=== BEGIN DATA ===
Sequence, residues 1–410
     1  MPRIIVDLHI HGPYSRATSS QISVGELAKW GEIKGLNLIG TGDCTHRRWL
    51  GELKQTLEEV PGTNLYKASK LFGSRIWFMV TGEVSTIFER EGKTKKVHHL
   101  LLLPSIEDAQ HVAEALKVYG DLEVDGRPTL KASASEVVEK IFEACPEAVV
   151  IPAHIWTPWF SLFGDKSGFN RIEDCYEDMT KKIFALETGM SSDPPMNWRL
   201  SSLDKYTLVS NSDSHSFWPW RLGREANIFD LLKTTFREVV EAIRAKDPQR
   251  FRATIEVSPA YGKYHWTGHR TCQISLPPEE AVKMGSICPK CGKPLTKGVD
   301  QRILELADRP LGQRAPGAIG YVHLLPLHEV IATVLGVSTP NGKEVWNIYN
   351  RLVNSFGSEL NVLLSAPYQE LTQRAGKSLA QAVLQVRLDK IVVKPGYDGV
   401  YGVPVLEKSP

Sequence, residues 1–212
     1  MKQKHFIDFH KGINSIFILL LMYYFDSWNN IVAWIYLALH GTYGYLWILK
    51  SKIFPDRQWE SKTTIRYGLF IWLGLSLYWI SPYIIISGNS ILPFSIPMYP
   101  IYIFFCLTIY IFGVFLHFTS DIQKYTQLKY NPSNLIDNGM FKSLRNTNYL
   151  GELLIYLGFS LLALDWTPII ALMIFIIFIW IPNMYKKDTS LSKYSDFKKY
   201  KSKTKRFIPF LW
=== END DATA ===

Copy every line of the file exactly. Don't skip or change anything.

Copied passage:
Sequence, residues 1–410
     1  MPRIIVDLHI HGPYSRATSS QISVGELAKW GEIKGLNLIG TGDCTHRRWL
    51  GELKQTLEEV PGTNLYKASK LFGSRIWFMV TGEVSTIFER EGKTKKVHHL
   101  LLLPSIEDAQ HVAEALKVYG DLEVDGRPTL KASASEVVEK IFEACPEAVV
   151  IPAHIWTPWF SLFGDKSGFN RIEDCYEDMT KKIFALETGM SSDPPMNWRL
   201  SSLDKYTLVS NSDSHSFWPW RLGREANIFD LLKTTFREVV EAIRAKDPQR
   251  FRATIEVSPA YGKYHWTGHR TCQISLPPEE AVKMGSICPK CGKPLTKGVD
   301  QRILELADRP LGQRAPGAIG YVHLLPLHEV IATVLGVSTP NGKEVWNIYN
   351  RLVNSFGSEL NVLLSAPYQE LTQRAGKSLA QAVLQVRLDK IVVKPGYDGV
   401  YGVPVLEKSP

Sequence, residues 1–212
     1  MKQKHFIDFH KGINSIFILL LMYYFDSWNN IVAWIYLALH GTYGYLWILK
    51  SKIFPDRQWE SKTTIRYGLF IWLGLSLYWI SPYIIISGNS ILPFSIPMYP
   101  IYIFFCLTIY IFGVFLHFTS DIQKYTQLKY NPSNLIDNGM FKSLRNTNYL
   151  GELLIYLGFS LLALDWTPII ALMIFIIFIW IPNMYKKDTS LSKYSDFKKY
   201  KSKTKRFIPF LW